|1982—The Brouwer Bed
The Brouwer Bed utilized a simple ladder hinge as its main converting tool. This simple locking hinge could only operate in one direction and therefore acted as a stop when converted to the bed position. Built in legs, attached to the outer slat racks, helped stabilize the frame in the bed position.
The Brouwer Bed, though not technologically perfect, was nonetheless awarded the 1983 Daphne Award for the best new design at the High Point Furniture Market. This futon frame sold anywhere from $500 to $1500 (depending on arm style and wood type) in the early 80s.
1983—The Aparté or T.H.I.S. Futon Frame
Ron Massey had been building RTA furniture for several years. A local retailer had asked him to design a lounger that used a twin size futon mattress as the cushion. Massey took the concept one step further and designed a variation in a much wider, seventy-five inch futon frame. He fashioned a 3/4 inch peg and attached it to a rawhide lanyard. The peg would be the locking device. His frame’s arms would attach with stretchers forming the seventy-five inch base.
When each peg was removed the back rest would drop to horizontal and the seat would also come up a bit and lay flat from its pitched angle. When both the back rest and seat were horizontal, the pins could be pushed into a second hole at the bottom of the arm, locking the two racks into the sleeping position.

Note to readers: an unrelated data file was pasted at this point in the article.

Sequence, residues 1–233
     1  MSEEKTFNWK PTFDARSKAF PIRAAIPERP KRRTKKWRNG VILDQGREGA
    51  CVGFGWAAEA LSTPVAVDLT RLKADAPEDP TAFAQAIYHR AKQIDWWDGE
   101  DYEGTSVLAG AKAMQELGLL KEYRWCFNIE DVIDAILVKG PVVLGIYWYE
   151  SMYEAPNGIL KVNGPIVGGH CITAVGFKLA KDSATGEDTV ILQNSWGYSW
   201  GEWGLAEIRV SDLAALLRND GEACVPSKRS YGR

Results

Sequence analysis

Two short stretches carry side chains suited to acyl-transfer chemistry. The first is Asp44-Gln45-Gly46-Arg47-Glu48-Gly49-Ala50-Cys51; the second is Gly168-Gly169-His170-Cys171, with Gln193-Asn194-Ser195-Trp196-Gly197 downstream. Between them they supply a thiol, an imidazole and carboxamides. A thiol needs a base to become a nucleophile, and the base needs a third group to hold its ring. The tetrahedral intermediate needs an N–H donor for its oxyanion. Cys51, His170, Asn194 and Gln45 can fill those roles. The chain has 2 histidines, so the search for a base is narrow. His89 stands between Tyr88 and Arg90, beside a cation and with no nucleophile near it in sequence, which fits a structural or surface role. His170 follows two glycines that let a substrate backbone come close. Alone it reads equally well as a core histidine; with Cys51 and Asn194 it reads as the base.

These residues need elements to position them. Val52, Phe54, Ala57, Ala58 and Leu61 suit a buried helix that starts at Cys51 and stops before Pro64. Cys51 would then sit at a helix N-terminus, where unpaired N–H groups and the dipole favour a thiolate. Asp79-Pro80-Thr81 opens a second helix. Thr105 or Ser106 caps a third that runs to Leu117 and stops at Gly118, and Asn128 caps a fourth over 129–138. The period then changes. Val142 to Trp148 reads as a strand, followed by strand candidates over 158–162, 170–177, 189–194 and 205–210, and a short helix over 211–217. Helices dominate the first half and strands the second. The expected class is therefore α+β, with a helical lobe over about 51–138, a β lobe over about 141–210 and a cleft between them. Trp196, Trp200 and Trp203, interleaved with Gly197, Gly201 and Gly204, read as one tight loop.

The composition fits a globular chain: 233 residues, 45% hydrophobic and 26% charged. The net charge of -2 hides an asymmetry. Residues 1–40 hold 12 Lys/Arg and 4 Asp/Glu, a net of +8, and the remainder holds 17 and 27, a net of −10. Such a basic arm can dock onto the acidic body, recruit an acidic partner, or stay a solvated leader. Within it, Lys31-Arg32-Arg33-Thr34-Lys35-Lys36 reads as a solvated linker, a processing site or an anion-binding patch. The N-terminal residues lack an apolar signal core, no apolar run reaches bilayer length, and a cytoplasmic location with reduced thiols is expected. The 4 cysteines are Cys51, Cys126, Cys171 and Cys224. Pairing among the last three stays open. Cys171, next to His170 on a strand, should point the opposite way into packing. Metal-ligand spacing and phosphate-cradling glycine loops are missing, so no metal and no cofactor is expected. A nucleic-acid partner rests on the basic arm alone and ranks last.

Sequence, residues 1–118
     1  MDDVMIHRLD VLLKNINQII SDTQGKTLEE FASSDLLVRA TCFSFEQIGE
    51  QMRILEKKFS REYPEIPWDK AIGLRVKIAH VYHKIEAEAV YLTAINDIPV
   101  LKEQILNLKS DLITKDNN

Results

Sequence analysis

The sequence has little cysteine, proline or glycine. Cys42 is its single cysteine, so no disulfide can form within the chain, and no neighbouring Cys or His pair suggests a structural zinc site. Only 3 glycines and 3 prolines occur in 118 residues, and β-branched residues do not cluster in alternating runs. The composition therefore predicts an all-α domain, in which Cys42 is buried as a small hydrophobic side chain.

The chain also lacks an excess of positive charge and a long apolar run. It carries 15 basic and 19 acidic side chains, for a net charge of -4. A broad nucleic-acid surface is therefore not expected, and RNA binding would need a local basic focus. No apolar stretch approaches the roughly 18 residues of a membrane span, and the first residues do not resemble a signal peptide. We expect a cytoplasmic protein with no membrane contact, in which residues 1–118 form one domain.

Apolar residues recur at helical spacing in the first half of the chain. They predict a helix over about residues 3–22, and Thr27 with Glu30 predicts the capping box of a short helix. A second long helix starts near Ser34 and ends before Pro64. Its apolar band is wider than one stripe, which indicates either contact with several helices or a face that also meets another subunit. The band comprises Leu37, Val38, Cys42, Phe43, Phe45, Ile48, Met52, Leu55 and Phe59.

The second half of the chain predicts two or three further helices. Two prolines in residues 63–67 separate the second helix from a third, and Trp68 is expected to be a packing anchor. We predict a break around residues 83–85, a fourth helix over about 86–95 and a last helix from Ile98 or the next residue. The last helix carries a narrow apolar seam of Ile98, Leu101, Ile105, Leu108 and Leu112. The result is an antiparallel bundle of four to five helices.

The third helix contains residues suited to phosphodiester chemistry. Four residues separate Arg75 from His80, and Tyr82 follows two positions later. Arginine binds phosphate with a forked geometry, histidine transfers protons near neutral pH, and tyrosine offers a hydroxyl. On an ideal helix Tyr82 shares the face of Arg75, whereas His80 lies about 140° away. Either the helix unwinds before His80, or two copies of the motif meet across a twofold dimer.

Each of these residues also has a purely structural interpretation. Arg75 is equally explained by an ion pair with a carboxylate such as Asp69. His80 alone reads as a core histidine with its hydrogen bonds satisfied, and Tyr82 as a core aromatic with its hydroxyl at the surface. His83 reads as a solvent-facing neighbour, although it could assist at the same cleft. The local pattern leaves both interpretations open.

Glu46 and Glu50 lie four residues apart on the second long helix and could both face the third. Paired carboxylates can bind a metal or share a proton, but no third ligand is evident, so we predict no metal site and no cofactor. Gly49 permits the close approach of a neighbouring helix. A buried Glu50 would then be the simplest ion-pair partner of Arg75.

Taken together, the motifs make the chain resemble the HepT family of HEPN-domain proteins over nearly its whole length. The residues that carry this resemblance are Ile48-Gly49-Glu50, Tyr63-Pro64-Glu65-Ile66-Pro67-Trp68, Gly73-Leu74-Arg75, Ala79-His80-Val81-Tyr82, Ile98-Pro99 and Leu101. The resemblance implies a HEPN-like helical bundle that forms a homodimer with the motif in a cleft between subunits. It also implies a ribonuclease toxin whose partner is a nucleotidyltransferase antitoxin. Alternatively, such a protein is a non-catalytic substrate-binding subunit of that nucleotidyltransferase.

1985—The First Wall Hugger
On January 8, 1985 Bob Fireman applied for a patent for a new futon frame which was the basis for several later designs. He was assigned the patent in 1987. This new mechanism allowed futon frame to convert from seating to sleeping without having to move it away from the wall. Hence the term “wall-hugger”.
This inaugural Fireman futon frame, called the Vida, was the first of a long line of futon frames developed while Bob was with From The Source. It was also the first wall-hugger.
1985—The SII Revolution
Fireman was never fully satisfied with the Vida. He always felt the mechanism could be improved. After many weeks of trial and error in a Tennessee wood shop he finally discovered a solution.
Two anchored pivot points in the form of wooden rollers (most of these are made of synthetic materials today) were attached to the seat rack. They would move simultaneously along two grooves in the base. One groove in the horizontal plane and another in the vertical. As the seat moved along the grooves it would convert from seat to bed and back again.
1986—The Final Kicker
In a patent battle royale two groups (Fireman et al. vs. Trembley) define an improvement that works—most of the time. Using the principle of a simple gravity fed ratchet, a small piece of wood is employed to provide the force for the “easy” conversion from bed to couch. Several other companies have since patented similar mechanisms.
1987—The Metal Age
In 1987 Nippon of Denmark introduced the first metal mechanism for a convertible futon frame (black or silver metalic). The mechanism itself was very “European”: elegant, functional, and based on a simple ratcheting system. The ratcheting function, built into the mechanism, allowed the frame to lock in the sitting or sleeping position and to convert from sitting, to reclining, to sleeping – and back – easily, from the front.
This mechanism, and others like it, have found their way into futon frames from Danish manufacturer Innovation, and many other companies too.
Another metal futon option is The Comfort Lounger™ from Hickory Springs. This metal tube seat and back assembly utilizes a simple metal conversion mechanism which works well for both futon mattresses and more standard upholstery cushions too.